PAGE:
We pick the brains of 3 different experts on how to approach resort developments in order to make a profit. They are:

Bill Barnett (BB) – Managing Director of C9 Hotelworks

Miles Fenley (MF) – Director of Montpelier Estates (Asia Pacific)

Sr Low Han Hoe (LHH) – Senior Manager (Investment & Agency) at Nawawi Tie Leung Real Estate Consultants Sdn Bhd

Text & Photography by Jan Yong

1. What are the most important criteria to build a profitable resort?

BB: Understanding both the existing hotel marketplace including details such as historical operating data such as occupancy, actual average rates and profit levels, and developing a forward look of the marketplace. Feasibility is the first stepping stone, followed by logical steps of deeply looking at the market and what opportunities exist for a sustainable new project coming onstream.

MF: Choice of destination (year round), access, masterplan/business plan, design, availability of land, building permits, qualified personnel, resources, excellent management, right product to the right market, capital, funding, infrastructure, common sense, and local knowledge.

LHH: Getting the Master Plan done based on solid market lead research and the Target Market identified correctly.[ihc-hide-content ihc_mb_type=”show” ihc_mb_who=”1,2,3,4,5,6,7,8″ ihc_mb_template=”1″ ]

2. How do you raise funding to build a resort?

BB: Resorts are different from city hotels; they tend to trade more by season so debt ratios are lower, hence it’s important not to overleverage on bank financing. Traditional methods of capital include funding by the principal or though a strategic partnership. Joint ventures are another method. Capital markets like the stock market tend to favour existing or operating assets.

3. What sort of expertise do you need in your team?

BB: A real estate outlook is important; an experienced finance team, project management, designer, hotel operator and most importantly, leadership of the project.

LHH: Good and experienced individuals with strong track record working in similar resort developments – General Manager, Finance, Human Resource, Security, Maintenance, Chef, Housekeeping, Front office, Business development and landscaping – would be critical.

4. Do you sell the units as resort apartments or keep them to rent out – how do you decide?

BB: Real estate and hotels all depend on market conditions. In strong markets, retaining a hotel asset makes sense, but in larger projects, adding real estate helps diversify risk and speed up returns by sales. The key is find equilibrium. Hotels are long-term assets and need long-term thinking as well as a solid investment strategy for sustainable returns.

MF: Depends on your capital requirements and return expectations. A long-term view would necessitate maintaining 100% ownership to control your product and experience.

5. With the increasing popularity of AirBnb, is building a resort still a viable business proposition?

BB: Certainly, AirBnb remains a very successful model but there are issues of tax, licensing and other regulatory items that could restrict widespread growth in resort areas. End of the day, leisure resorts are valued as they provide certain services that Airbnb does not – the vision to travellers of a pampered getaway cannot be ignored.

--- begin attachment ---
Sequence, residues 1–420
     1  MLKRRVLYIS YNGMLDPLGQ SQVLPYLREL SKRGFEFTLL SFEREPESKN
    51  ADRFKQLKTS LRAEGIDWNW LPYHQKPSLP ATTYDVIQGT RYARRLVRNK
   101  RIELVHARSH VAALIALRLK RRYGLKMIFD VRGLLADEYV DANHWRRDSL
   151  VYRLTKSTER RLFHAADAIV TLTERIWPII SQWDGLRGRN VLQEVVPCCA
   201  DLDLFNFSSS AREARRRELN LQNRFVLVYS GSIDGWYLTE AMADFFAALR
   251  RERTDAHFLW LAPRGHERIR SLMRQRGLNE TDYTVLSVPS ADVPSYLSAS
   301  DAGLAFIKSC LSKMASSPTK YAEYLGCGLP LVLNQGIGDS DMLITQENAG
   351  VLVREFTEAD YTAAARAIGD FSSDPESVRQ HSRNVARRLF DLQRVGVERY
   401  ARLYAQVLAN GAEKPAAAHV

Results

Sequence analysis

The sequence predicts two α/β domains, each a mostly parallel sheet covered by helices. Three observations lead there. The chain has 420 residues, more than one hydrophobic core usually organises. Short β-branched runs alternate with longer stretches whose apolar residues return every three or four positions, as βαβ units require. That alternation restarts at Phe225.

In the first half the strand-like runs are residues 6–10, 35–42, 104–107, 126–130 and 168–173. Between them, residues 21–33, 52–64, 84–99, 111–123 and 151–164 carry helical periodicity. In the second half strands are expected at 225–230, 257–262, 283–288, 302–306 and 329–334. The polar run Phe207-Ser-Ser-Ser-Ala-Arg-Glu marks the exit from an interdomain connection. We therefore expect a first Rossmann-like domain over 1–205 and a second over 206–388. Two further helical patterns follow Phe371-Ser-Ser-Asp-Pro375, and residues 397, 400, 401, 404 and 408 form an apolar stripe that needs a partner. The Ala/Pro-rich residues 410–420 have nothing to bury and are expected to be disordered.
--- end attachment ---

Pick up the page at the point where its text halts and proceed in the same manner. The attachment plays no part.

MF: Even more so as this and others like HomeAway enhance your marketing and sales channels as well as reservations network.

LHH: It is always about the service and the branded lifestyle – different target market, I would say.

6. What are some of the latest trends in resort developments and how should developers adapt?

BB: Smaller hotels, not mega properties. Size matters and resort sizes are tracking smaller properties. More travellers now get beyond the beach in resorts, especially the Chinese. They want to be kept busy and see as much as they can, not simply sit on the beach. Also, more local experiences like local food and sights and authentic experiences.

MF: Each market/destination is different – depends on the availability and cost of land, development restrictions, available debt financing, cost of development, scarcity of trained personnel, etc, which make economic feasibility more difficult. The lack of or over-regulation on environmental issues, infrastructure, congestion, etc. In terms of product, some individuality and creativeness must be displayed to ensure a unique and memorable experience at the upper end. Also, the safety and consistency of the product in the faster growing mid-market budget sector. You also have to consider marketing and sales – is there a need for brand involvement, how to protect your territory, outsourcing, etc.

LHH: There should be more focus on brand, destination-based and interesting activities for a unique experience.

7. Nowadays, there is also a trend towards more sustainable developments. What sustainability measures should be taken in order to reduce the carbon footprint?

BB: Asia still lags the world in this aspect and while things are changing, they are not taking headlines in the region enough. Simple things like plastic bags and drinking water bottles being eliminated are excellent starting places.

MF: By definition, developments/tourism are not sustainable so the best reduction is not to build at all. But if built, use local people/materials/resources, apply green technology, develop movable structures (tents/traditional Thai houses), grow produce locally, support the local and wider communities, adapt, recycle, reuse, and redeploy.

LHH: Sustainable development is now a new norm, a new minimum – for example, use of natural materials and natural resources, construction to take into account the natural terrain, recycle water and waste disposal.[/ihc-hide-content]

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